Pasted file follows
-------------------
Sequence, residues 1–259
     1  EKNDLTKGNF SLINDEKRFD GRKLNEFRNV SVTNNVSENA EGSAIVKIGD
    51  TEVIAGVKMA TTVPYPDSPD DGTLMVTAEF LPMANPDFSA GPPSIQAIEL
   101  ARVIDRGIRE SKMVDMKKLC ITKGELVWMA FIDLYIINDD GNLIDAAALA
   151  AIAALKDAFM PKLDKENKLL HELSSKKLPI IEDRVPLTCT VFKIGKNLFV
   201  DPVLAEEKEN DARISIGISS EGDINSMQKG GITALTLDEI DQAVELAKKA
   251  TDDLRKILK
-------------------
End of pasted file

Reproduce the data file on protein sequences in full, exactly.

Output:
Sequence, residues 1–259
     1  EKNDLTKGNF SLINDEKRFD GRKLNEFRNV SVTNNVSENA EGSAIVKIGD
    51  TEVIAGVKMA TTVPYPDSPD DGTLMVTAEF LPMANPDFSA GPPSIQAIEL
   101  ARVIDRGIRE SKMVDMKKLC ITKGELVWMA FIDLYIINDD GNLIDAAALA
   151  AIAALKDAFM PKLDKENKLL HELSSKKLPI IEDRVPLTCT VFKIGKNLFV
   201  DPVLAEEKEN DARISIGISS EGDINSMQKG GITALTLDEI DQAVELAKKA
   251  TDDLRKILK